The Concept Privacy and Its Biological Basis

Peter H. Klopfer, Daniel I. Rubenstein

Research output: Contribution to journalArticlepeer-review

86 Scopus citations


Privacy is viewed as a regulatory process that serves to selectively control access of external stimulation to one's self or the flow of information to others. It may be manifested by a physical separation or withdrawal from conspecifics. Privacy may also be manifested by actions that mislead potential competitors as to the motivational status or strength of the individual in question. The degree to which this occurs is often related to simple economic (cost/benefit) principles. But in each species the variables that define the cost/benefit equation may vary. Generalizations about privacy are thus unlikely to prove useful. 1977 The Society for the Psychological Study of Social Issues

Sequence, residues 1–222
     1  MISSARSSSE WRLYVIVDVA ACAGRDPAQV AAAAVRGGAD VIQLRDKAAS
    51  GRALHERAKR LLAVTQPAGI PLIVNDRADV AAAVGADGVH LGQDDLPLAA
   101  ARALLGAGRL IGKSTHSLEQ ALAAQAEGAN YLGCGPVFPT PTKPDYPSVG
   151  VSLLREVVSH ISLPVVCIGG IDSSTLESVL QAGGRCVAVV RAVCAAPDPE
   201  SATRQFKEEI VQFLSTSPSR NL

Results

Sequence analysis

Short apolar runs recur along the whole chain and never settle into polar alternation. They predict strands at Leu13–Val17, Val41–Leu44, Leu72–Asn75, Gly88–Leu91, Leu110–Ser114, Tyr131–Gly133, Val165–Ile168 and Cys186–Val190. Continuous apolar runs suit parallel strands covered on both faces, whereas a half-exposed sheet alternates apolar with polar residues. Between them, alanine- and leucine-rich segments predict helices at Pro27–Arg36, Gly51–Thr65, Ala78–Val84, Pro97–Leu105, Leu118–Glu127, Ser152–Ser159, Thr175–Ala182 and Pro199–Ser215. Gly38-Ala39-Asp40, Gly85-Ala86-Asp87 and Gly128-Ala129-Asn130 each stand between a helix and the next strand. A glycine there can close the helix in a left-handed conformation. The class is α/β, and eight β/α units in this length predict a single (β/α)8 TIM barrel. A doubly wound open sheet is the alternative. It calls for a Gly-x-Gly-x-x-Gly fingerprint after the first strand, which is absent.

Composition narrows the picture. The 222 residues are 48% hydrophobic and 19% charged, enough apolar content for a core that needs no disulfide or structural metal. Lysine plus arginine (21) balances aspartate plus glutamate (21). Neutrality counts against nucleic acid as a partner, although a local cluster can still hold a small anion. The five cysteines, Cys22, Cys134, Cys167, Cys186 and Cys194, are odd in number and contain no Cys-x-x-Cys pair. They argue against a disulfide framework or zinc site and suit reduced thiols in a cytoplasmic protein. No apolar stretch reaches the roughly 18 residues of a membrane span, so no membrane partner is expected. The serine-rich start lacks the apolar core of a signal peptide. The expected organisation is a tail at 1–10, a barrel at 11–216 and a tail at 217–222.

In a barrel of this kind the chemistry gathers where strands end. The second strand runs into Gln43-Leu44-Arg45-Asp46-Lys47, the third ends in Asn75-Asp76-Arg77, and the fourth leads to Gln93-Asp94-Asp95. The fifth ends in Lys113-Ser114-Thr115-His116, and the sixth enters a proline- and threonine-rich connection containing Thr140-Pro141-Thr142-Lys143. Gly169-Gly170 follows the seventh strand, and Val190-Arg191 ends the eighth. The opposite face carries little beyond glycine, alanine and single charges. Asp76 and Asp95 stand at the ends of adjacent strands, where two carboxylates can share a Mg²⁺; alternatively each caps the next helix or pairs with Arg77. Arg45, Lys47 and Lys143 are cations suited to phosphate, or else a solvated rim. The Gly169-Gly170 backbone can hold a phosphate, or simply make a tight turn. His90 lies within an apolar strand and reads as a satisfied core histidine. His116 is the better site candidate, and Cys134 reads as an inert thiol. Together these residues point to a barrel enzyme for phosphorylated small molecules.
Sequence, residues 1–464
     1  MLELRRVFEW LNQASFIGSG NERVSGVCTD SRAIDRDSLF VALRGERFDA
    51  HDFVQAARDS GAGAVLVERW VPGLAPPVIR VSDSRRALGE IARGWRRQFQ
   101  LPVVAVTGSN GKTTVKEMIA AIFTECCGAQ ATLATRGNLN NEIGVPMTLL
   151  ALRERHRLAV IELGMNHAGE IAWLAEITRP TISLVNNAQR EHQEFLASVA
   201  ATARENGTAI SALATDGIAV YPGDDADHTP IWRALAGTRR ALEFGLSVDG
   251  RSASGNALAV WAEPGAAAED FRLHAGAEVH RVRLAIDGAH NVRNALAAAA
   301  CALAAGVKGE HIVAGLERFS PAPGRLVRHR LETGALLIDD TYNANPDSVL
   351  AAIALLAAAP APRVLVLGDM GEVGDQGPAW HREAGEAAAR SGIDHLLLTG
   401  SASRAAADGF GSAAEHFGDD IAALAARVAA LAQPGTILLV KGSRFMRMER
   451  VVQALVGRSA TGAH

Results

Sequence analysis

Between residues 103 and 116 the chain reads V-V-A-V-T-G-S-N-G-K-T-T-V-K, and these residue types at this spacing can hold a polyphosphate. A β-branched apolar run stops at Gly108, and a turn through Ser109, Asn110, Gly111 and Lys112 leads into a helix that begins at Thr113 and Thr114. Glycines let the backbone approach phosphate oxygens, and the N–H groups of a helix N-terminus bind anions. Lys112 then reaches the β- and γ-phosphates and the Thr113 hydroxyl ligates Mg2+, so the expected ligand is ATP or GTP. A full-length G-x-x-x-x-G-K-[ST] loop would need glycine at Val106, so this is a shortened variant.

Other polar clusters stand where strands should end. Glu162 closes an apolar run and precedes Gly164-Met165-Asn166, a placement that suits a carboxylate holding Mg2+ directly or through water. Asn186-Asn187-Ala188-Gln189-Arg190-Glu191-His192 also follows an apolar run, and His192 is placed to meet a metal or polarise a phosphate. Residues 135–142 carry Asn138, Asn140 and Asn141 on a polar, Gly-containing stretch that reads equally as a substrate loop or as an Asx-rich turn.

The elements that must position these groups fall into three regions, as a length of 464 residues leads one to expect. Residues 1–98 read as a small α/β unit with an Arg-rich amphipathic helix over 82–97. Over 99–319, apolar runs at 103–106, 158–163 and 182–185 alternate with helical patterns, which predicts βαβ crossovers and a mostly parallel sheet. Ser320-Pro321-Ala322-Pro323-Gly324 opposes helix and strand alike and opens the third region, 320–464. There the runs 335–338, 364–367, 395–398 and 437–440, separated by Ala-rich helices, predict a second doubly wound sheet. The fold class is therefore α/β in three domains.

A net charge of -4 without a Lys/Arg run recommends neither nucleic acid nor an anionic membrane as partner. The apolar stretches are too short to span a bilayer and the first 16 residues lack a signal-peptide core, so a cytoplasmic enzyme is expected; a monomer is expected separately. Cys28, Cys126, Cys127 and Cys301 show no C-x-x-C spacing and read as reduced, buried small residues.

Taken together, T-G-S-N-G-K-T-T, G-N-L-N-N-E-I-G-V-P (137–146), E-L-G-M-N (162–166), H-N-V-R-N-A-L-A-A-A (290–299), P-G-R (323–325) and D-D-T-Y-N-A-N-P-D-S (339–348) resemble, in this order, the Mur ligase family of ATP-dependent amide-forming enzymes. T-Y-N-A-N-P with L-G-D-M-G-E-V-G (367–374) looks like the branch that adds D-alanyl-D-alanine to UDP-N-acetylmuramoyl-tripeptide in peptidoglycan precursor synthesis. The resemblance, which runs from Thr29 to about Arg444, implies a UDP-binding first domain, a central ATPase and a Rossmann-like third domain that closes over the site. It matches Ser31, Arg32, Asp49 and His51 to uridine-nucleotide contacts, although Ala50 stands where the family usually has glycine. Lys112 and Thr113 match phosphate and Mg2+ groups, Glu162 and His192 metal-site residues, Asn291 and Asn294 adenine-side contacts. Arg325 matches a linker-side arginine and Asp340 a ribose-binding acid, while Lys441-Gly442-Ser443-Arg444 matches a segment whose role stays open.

Original languageEnglish (US)
Pages (from-to)52-65
Number of pages14
JournalJournal of Social Issues
Issue number3
StatePublished - 1977

All Science Journal Classification (ASJC) codes

  • General Social Sciences


Dive into the research topics of 'The Concept Privacy and Its Biological Basis'. Together they form a unique fingerprint.

Cite this